Why Should I Have A Hip Replacement?

The main reason to have a Hip Replacement is relief of pain. When your hip joint is damaged or diseased it can be severely painful. Along with the pain, you can lose motion in your hip and have difficulty walking. It becomes harder to perform your routine activities. In short, your diseased or damaged hip interferes with the quality of your day-to-day life.

A painful hip can affect other parts of your body. You may develop back pain as you try to compensate for loss of motion in your hip. You may feel pain in your knee or in your opposite leg as you try to relieve pressure on your bad side. If your mobility is limited, you may gain weight because you are unable to exercise.

Hip replacement can relieve pain and improve the strength and motion in your hip. In some cases the results are dramatic. Many patients note that even a day or two after the procedure they have pain in their incision, but the joint pain they had before surgery is largely gone.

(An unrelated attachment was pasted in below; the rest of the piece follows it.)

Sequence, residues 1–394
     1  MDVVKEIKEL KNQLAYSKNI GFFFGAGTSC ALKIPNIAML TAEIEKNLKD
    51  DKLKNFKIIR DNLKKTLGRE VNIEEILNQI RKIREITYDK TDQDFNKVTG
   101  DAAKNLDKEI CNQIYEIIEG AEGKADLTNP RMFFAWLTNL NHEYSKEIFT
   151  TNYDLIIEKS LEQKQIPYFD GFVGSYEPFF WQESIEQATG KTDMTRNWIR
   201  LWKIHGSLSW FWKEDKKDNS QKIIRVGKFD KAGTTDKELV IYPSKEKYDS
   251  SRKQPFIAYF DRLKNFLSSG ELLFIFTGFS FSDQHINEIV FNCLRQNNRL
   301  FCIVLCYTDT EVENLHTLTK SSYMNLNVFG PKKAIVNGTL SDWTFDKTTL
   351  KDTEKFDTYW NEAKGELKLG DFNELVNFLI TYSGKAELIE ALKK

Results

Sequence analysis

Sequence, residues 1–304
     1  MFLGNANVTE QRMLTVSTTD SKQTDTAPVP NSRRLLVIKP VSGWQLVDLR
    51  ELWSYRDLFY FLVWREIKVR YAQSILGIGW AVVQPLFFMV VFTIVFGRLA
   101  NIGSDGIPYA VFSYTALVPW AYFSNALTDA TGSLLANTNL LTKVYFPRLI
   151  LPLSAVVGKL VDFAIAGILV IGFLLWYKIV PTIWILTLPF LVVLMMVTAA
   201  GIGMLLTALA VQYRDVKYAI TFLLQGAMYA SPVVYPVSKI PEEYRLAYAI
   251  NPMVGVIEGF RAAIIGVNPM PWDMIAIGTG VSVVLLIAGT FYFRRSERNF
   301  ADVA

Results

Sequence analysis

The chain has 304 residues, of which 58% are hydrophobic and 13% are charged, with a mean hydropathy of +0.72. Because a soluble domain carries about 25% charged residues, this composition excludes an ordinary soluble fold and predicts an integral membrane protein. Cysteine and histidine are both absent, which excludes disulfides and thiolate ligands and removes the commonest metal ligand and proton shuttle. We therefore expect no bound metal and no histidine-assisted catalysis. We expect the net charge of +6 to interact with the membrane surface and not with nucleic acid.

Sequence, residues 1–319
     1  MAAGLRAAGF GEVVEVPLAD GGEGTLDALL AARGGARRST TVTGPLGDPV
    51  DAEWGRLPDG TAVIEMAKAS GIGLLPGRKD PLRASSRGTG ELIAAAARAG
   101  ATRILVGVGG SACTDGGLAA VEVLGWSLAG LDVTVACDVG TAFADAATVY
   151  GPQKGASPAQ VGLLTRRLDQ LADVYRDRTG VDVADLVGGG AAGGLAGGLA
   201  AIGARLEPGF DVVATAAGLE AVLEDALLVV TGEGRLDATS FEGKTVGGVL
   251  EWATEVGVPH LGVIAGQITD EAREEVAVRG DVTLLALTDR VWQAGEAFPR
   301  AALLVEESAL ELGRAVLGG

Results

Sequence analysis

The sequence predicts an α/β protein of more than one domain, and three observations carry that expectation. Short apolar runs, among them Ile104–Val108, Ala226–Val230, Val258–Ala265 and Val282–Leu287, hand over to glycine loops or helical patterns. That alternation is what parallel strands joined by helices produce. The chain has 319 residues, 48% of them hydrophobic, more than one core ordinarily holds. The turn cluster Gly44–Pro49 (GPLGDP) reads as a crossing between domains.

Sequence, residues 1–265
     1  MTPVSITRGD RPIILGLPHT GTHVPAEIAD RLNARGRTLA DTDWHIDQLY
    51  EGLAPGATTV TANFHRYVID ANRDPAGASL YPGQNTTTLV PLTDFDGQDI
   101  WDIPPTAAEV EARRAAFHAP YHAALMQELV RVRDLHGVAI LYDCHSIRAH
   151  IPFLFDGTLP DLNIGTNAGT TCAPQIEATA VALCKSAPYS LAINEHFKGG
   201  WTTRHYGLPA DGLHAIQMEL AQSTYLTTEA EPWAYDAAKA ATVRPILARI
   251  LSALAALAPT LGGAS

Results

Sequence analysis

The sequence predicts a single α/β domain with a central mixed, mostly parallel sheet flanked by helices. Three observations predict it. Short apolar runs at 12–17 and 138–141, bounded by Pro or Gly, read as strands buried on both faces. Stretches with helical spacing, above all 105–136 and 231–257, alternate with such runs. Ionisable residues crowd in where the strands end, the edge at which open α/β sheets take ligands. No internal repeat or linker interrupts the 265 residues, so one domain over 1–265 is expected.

For most people, hip replacement surgery is elective. It is done for conditions such as osteoarthritis, which are not life threatening but affect your life in other ways. It is a procedure that is planned and scheduled ahead of time. It is not something you have to do, but is something you choose to do. Unlike an appendectomy, it is not an emergency procedure. The decision to have a hip replacement is made after consultation with an orthopaedic surgeon, but ultimately, the decision is yours.

For a few patients, hip replacement has to be done on an urgent basis. If a hip is broken (fractured), surgery should be done as soon as possible to relieve pain and allow the patient to get out of bed. Hip replacement is the treatment of choice for some fractures. Bone tumors in the hip also require urgent treatment because the tumor will continue to grow and cause further damage to the bone. There is more to hip replacement than just the surgical procedure.

There is preoperative planning, testing, and medical evaluation. After surgery there is time in the hospital, therapy, and rehabilitation. And of course life is different with an artificial joint in your body.

As you consider surgery, take time to learn about your hip, what treatment is available and why you would be a candidate for hip replacement.

Margaret K., a patient, says: My new hip felt perfectly natural and totally pain free.

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